About Learning Mindfulness
The training of mindfulness is training to live in ‘what is’. Often we don’t want our lives ‘as is’, because invariably there are some parts of our lives that cause us emotional pain. So we ‘close our eyes’ to much of our life experience, and over time we become accustomed to a constrained life, confined to experiencing only a small part of ourselves.
Jack Kornfield has identified 4 areas as the foundation of mindfulness:
- Awareness of body and senses
- Awareness of heart and emotions
- Awareness of mind and thoughts
- Awareness of the principles that govern life
In Kara’s mindfulness courses, we experience mindfulness of the body through the body scan, mindful movement (yoga), and walking meditation. We experience mindfulness of our senses through listening meditation, mindful eating, sitting in the paddocks, being with the llamas, and being guided to notice more of what comes in through our senses.
We experience mindfulness of heart and emotions as we explore how our minds interpret and react to our experience. Kara has been training in Compassionate Communication (aka Nonviolent Communication) for 5 years, and brings these practices into cultivating awareness of how our emotions point to the life within our hearts. A heightened awareness of your heart and emotions is a pathway to greater self-compassion and compassionate connection with others.
As we practice mindfulness each day, we can begin to notice patterns in our thinking, and how our thoughts affect our emotions and our body sensations. We can begin to see the possibility of not being consumed or controlled by our thoughts. In Kara’s mindfulness courses, Kara addresses the neuro-physiology of the brain and its stress response, and the human mind’s tendency to be like “Teflon for the positive and Velcro for the negative” (Rick Hanson). Mindful awareness of such thinking patterns helps us to meet them with compassion and wisdom.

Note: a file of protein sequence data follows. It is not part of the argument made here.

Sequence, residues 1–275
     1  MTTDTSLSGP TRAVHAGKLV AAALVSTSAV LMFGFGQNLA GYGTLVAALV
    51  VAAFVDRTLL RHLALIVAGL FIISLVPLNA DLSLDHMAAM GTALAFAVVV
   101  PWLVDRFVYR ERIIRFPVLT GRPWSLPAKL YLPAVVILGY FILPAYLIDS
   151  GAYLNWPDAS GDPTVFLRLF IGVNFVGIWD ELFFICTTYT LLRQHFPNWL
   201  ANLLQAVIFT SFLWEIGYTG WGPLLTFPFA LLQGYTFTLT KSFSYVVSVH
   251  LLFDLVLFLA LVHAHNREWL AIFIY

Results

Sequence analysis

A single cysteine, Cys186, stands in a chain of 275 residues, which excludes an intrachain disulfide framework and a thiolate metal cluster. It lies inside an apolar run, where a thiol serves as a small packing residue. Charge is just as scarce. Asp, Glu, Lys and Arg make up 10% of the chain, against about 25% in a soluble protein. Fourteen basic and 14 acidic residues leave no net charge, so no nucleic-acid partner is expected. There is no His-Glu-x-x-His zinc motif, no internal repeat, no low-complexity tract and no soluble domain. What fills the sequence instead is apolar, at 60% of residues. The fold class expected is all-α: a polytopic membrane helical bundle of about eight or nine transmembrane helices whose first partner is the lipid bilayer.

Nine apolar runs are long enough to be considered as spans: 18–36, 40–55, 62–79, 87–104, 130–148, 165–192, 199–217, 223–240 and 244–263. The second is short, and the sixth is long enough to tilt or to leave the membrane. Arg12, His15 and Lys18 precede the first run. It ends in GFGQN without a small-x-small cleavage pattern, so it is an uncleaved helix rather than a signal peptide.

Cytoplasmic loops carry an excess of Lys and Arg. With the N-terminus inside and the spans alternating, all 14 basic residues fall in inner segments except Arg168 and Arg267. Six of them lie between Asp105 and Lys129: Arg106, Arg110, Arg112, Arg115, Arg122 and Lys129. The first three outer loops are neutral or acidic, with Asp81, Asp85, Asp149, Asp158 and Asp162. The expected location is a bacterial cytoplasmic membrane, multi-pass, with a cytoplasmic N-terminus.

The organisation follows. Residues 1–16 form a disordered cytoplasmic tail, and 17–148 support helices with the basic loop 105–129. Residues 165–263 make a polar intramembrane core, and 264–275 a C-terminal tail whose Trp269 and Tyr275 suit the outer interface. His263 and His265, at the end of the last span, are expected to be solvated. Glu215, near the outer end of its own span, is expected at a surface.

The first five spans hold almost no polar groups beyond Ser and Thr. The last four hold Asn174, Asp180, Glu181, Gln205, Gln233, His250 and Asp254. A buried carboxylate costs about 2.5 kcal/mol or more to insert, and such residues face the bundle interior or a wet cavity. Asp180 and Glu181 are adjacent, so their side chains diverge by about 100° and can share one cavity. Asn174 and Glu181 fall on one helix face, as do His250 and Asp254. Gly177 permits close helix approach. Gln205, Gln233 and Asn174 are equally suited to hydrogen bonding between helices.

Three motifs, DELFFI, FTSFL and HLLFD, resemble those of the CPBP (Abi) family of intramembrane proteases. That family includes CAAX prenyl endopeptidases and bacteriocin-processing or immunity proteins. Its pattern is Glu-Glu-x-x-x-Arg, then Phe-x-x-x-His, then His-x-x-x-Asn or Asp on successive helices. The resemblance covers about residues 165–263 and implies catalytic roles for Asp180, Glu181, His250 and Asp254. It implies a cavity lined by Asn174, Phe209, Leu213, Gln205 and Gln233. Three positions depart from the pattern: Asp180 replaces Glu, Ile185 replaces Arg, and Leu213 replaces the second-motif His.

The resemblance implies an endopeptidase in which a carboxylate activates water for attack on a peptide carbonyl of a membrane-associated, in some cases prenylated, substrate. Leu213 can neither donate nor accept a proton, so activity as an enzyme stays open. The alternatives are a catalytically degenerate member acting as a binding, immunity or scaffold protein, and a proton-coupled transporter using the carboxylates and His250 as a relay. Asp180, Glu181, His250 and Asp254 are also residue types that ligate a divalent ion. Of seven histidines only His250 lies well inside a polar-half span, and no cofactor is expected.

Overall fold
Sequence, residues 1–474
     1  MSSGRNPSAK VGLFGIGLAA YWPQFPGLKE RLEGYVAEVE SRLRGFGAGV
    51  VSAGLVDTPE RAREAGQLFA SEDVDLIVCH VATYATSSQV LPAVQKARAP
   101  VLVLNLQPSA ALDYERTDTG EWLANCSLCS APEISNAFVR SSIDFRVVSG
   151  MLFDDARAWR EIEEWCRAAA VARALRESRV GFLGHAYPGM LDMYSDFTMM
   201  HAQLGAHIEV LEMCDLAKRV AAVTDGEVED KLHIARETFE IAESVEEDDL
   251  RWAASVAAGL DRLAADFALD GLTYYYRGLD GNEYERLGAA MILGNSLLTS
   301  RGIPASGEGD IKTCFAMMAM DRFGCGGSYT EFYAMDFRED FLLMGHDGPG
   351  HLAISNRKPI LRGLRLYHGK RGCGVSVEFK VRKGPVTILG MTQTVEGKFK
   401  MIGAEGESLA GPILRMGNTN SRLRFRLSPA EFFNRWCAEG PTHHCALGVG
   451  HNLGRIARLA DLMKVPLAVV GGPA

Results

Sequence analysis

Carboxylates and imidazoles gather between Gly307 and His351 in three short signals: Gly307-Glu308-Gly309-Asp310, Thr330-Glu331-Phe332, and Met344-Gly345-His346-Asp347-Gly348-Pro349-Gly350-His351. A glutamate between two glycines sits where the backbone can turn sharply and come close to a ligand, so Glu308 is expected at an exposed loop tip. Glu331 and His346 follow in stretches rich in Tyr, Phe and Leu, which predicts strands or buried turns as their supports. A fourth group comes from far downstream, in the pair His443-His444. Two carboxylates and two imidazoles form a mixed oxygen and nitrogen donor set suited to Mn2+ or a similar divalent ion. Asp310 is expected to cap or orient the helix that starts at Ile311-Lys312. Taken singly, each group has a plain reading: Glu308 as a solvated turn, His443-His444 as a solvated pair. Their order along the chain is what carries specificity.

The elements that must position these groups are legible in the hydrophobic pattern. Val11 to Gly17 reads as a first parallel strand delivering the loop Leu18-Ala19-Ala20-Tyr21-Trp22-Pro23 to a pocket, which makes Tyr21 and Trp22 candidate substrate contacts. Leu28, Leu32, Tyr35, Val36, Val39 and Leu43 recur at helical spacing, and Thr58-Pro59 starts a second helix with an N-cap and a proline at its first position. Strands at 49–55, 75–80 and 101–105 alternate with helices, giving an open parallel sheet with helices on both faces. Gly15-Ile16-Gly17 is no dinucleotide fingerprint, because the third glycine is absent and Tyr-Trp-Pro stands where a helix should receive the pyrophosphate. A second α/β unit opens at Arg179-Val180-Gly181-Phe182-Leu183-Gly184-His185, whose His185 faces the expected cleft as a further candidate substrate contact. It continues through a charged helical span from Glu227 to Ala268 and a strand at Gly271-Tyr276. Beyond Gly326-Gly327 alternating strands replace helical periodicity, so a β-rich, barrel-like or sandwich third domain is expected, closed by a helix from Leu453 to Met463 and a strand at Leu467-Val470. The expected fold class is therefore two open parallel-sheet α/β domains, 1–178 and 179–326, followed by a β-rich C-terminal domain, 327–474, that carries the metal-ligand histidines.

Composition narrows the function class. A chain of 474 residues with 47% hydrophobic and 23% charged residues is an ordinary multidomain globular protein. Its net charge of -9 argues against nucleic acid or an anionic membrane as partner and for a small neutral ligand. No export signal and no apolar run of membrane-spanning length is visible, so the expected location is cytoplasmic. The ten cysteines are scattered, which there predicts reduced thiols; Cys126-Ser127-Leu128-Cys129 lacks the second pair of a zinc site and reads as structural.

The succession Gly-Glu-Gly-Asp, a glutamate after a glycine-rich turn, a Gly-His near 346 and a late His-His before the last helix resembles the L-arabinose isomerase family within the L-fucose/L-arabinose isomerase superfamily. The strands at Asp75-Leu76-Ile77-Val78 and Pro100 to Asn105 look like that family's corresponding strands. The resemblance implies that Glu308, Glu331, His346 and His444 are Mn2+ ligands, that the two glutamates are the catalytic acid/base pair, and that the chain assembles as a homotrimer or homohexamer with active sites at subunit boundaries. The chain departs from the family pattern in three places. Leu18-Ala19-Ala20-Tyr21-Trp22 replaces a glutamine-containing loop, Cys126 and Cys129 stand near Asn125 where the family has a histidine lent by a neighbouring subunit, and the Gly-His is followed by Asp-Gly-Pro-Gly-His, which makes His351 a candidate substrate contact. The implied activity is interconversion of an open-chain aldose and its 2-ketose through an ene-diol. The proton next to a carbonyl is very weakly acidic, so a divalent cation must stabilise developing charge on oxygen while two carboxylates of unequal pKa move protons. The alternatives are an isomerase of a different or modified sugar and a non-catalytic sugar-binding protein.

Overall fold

With daily practice in mindfulness meditation, we are training our brains to be increasingly able to bring awareness to the present moment, and we are then able to notice more of the thinking going on in our mind. We can be doing something, like washing the dishes, and suddenly notice that we have been lost in thought for the past 10 minutes of dish washing. In that moment we have woken up – we notice how we are in this new moment.
Increasingly, with practice, you contact a moment of choice – the choice to let go of a thought, or perhaps to investigate a thought with more space and clarity than if you were just ‘lost’ in your thinking. A lot of our thinking only brings us tension, anxiety, and discontent, and as you begin to see these thoughts, you can let them go. Other thoughts come back again and again and may be worth looking into; Kara teaches techniques for investigating thoughts with skill, kindness, openness, and compassion.
Learning about the principles that govern life, is coming to see through your mindful experience, that we always respond to our experiences (what we do, what we think, what we feel) in one of three ways:
- we want more (grasping);
- we want it to stop/push it away (aversion);
- we space out/pretend it isn’t so (delusion).
When we are lost in these reactions, we usually suffer. By getting to know this inner landscape, we can recognise what’s happening, offer ourselves compassion around this very ordinary human behaviour, accept it for what it is, and thus lessen its grip on us. The stories that come with these reactions often exacerbate our stress and get in the way of us seeing our life as it is.
There is a misconception that learning mindfulness is learning how to empty the mind of thoughts in order to be peaceful and relaxed. This is not what mindfulness practice is about. Mindfulness practice is about learning to remember to wake up to what is going on, and learning to meet whatever is there in each moment with increasing wisdom and compassion.
Anne Ihen and Carolyn Flynn ‘Mindfulness. A contemplative approach to living in the moment.’ (2008)
Jack Cornfield ‘A Path with Heart‘ (1993)
Rick Hanson http://www.rickhanson.net/